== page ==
There is so much I have learned since assuming the practices of running, creative exploration,and yoga. Below are just a few of the shared wisdom tid-bits.
Meditate. Mental Chatter makes or breaks your experience & success rate.
If I think too much about what I'm doing, I will fail. It happens over and over. Positive mental feedback, "you can do this!", and thought-reminders (breathe) are excellent. But they only go so far. When I've put successive layers on the painting, when I'm 3/4 of the way up the hill, when I'm nearing Savasana - if I keep thinking about how I don't want to mess it up, how I want to walk, or how I want a grilled cheese sandwich....I'll quit. Learning to control my thoughts - or at the very least, be aware of them - is crucial to my continued pursuit of any soul-fulfilling endeavors. Meditation is vital to doing this.
Don't over-think. If you think of something else to do, you'll do it.
If I wake up in the morning and convince myself that I have too much to do besides running, you better believe I'm not slipping on my shoes and stepping into the cold dark air. If I have more productive things to do (as if laundry were more productive), the art gets shoved aside. If I think I need cardio more than yoga (my yoga practice is more awarness-based - not sweat-based), the mat stays rolled up.
I am an intelligent woman who can find just as many excuses as I can reasons. All of that thinking about whether or not I should or even can do something is still a layer over the deeper passion inside.
Once I commit to something - on the outside and the inside - it isn't a matter of whether or not I should or can do it. I do it because I can't NOT do it.
Embrace all sources of energy. Empower yourself and acknowledge others.
I went for a run yesterday morning along a highway then back into a neighborhood. Half the run I was facing cars and drivers and the awareness that each and every one of them could be thinking something different about me. For the other half of the run, I was facing birds and mailboxes and a few goats who seemed confused as to why I was running if nothing was chasing me.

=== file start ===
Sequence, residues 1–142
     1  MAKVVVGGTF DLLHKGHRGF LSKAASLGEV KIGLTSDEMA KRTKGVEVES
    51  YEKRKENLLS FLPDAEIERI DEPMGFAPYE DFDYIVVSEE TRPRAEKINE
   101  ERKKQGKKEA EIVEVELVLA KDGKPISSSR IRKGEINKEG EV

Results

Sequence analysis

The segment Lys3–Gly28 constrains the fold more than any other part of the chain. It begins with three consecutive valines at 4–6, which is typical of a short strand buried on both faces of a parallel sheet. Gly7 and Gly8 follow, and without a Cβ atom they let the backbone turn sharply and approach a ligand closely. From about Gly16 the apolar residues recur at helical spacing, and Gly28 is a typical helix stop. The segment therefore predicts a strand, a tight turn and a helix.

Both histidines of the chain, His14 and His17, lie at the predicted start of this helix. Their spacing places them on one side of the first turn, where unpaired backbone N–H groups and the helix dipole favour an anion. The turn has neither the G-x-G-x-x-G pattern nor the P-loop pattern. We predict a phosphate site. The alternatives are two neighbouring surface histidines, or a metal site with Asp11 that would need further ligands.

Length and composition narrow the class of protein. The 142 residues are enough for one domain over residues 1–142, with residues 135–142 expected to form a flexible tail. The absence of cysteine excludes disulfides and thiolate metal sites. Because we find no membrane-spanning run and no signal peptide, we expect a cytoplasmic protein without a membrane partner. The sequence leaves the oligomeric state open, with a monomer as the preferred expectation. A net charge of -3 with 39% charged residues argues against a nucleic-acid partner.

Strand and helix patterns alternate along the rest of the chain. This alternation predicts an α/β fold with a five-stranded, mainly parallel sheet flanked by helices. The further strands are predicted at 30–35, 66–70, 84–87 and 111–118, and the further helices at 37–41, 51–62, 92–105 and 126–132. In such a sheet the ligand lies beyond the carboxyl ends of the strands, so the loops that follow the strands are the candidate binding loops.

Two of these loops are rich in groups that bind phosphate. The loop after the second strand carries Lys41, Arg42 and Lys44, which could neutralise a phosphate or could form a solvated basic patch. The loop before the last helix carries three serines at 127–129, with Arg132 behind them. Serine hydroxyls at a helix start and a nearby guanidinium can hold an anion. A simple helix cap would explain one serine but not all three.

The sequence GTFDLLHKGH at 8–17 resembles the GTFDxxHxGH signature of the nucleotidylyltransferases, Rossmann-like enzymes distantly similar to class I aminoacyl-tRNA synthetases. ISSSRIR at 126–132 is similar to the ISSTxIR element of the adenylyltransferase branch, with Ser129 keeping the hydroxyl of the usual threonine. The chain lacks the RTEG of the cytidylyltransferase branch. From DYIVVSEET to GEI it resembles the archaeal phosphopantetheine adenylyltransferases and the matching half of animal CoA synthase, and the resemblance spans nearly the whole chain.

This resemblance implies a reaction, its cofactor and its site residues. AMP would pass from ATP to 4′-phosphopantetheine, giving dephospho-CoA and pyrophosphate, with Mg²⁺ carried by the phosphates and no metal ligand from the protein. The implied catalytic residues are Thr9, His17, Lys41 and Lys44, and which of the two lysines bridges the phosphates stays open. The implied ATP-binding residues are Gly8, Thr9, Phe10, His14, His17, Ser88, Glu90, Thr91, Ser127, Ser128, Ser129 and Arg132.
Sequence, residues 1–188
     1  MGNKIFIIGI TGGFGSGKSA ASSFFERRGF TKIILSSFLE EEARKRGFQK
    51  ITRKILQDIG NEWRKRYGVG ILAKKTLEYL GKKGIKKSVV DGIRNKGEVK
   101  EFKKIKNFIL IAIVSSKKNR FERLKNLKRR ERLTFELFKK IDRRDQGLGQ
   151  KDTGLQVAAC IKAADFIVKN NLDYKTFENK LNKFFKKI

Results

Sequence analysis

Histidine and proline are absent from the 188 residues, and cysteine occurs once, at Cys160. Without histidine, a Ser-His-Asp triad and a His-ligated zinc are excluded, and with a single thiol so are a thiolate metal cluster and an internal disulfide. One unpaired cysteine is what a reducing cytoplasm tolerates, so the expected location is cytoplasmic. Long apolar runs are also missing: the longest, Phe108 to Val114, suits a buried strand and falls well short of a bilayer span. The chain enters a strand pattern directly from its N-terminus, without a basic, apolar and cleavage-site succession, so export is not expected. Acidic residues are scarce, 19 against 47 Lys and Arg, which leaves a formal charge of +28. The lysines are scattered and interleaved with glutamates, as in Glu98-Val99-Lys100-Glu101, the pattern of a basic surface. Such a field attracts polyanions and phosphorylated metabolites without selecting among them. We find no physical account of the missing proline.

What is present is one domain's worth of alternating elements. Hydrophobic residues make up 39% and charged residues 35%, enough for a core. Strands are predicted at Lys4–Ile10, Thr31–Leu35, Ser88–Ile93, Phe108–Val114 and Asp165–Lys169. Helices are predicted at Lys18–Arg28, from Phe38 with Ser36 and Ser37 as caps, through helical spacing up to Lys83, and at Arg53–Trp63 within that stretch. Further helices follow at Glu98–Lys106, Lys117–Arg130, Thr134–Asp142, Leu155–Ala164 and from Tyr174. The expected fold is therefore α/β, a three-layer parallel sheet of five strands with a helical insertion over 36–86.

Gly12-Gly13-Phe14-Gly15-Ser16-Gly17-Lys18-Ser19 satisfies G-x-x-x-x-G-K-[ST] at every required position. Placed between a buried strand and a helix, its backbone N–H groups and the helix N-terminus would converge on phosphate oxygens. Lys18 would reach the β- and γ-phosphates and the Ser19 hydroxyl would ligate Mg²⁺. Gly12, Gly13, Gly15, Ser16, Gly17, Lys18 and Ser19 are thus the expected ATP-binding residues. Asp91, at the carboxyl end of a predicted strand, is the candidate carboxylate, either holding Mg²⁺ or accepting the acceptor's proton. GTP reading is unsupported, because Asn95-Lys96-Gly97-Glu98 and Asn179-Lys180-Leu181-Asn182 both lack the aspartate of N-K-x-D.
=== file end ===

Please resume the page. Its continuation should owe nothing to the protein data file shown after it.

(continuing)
There is definitely a different energy, a different feeling, I get when running amidst other people (traffic or in a race) versus running completely on my own. The same goes if I'm taking a yoga class versus practicing in my living room or painting outdoors at Brown County versus my basement.
Embrace the energy others can provide but learn also to find your own. Both have their benefits.
It cannot be me against them. It has to just be me.
Remember all of those people I faced yesterday while running? My thoughts wavered between, "Well they aren't out running so screw 'em if they think I look odd or am running too slow" and "I'm sure they are jealous that I'm out and they aren't - don't worry lovely drivers, you can do it!". Eventually, it came down to, "If they are a runner, they get it. If they aren't, they don't."
We all must run for ourselves. We must paint for ourselves. We must find our own pose. If you are trying to be better than someone else or afraid you are worse, you act based off of the assumption that you are somehow different from "them". Someone may make different choices than you, but at the base of it all, we are all a hodgepodge of unified, seemingly chaotic diversity.
In other words, we are all one. Don't fight against yourself.
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